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LOCATION, LOCUTION: Novelist Dinah Jefferies melds themes of displacement and loss with the seductive beauty of the East

dinah-jefferies-location-locution
Tracey Warr is here with fellow historical novelist Dinah Jefferies. Dinah has led an unusually eventful life: not only has she lived in various countries but she has also suffered the loss of a child. These experiences have fueled a writing career that took off when Dinah reached her mid-sixties.

Greetings, Displaced Nationers.

My guest this month is Dinah Jefferies, who was born in 1948 in Malaya—as Malaysia was known then—where she spent the first nine years of her life, growing up against the background of civil war. Once Malaya gained independence from England, her parents decided to move back home.

Dinah found it wrenching. As she told a UK magazine:

“I was incredibly happy in Malaya. We just wore flip-flops and pants at home; it was so hot… I loved going to the Chinese quarter with my amah, sitting cross-legged on straw mats with her family, eating bright yellow, strong-tasting ice cream. It was like nothing like I’ve ever tasted since.”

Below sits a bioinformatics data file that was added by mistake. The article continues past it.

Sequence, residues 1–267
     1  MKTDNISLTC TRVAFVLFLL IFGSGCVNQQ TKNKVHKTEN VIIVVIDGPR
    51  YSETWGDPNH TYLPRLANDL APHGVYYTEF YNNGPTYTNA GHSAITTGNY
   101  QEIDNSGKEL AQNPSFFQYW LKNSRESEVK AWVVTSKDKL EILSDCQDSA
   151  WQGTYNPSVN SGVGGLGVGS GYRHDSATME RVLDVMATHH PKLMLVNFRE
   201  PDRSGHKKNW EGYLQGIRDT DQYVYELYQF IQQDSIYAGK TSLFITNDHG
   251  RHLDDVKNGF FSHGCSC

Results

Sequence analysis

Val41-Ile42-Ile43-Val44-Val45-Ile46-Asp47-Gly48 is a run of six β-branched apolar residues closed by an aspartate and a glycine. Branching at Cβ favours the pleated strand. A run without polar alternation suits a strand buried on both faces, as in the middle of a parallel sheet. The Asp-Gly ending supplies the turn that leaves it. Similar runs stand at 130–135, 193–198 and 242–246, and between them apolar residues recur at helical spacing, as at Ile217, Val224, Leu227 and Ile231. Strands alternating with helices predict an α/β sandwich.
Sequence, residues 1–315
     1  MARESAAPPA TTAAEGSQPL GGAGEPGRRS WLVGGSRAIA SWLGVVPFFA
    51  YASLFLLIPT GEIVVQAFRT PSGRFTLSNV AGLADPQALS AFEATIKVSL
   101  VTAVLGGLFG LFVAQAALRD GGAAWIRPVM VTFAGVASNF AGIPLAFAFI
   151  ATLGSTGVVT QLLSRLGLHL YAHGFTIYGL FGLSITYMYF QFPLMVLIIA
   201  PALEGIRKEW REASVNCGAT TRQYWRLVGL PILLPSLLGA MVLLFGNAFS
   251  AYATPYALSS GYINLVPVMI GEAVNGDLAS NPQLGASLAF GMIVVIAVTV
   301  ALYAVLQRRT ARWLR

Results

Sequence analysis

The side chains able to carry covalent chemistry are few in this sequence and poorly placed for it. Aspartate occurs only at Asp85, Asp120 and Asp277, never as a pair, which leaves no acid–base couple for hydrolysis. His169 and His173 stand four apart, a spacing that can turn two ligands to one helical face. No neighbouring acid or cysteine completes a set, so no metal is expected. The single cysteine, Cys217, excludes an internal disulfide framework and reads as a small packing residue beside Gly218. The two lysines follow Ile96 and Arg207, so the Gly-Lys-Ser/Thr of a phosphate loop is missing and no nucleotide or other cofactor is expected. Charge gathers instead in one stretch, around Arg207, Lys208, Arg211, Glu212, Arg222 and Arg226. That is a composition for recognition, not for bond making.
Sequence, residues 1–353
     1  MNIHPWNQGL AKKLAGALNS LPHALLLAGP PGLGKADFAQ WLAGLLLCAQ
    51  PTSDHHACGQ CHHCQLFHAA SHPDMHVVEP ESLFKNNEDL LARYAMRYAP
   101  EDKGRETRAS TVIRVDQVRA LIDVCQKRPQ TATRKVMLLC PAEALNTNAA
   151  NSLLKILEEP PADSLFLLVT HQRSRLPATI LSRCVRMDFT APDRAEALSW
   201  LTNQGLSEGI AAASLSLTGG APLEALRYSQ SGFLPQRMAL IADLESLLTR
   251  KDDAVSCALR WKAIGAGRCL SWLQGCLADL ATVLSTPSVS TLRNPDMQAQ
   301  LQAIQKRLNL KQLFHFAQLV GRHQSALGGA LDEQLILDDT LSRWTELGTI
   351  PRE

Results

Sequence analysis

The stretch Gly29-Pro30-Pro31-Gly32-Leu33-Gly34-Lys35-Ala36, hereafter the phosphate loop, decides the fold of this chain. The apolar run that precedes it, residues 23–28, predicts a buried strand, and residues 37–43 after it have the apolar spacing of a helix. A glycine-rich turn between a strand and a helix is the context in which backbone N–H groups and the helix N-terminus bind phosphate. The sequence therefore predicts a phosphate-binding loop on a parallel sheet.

Moreover, England did not make a good first impression:

“I just remember absolute devastation when I saw what England was like: February, the middle of winter – grey, cold, wet; no sunshine; horrible clothes.”

Dinah was bullied at school, and although she defended herself, that “feeling of not being quite a member of anything has stayed with me all my life.”

This outsider status led to a certain restlessness, which should be familiar to any of our Third Culture Kid readers. As a teenager, Dinah lived in Tuscany and worked as an au pair for an Italian countess. Much later, with her second husband, she attempted to retire in a 16th-century village in Northern Andalusia—a plan cut short after they lost most of their money in the crash of 2008.